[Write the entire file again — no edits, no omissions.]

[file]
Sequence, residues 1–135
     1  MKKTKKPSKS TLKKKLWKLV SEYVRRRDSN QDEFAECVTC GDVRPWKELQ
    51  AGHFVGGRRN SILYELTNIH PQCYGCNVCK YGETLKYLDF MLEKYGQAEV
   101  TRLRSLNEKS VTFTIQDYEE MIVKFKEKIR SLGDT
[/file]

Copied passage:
Sequence, residues 1–135
     1  MKKTKKPSKS TLKKKLWKLV SEYVRRRDSN QDEFAECVTC GDVRPWKELQ
    51  AGHFVGGRRN SILYELTNIH PQCYGCNVCK YGETLKYLDF MLEKYGQAEV
   101  TRLRSLNEKS VTFTIQDYEE MIVKFKEKIR SLGDT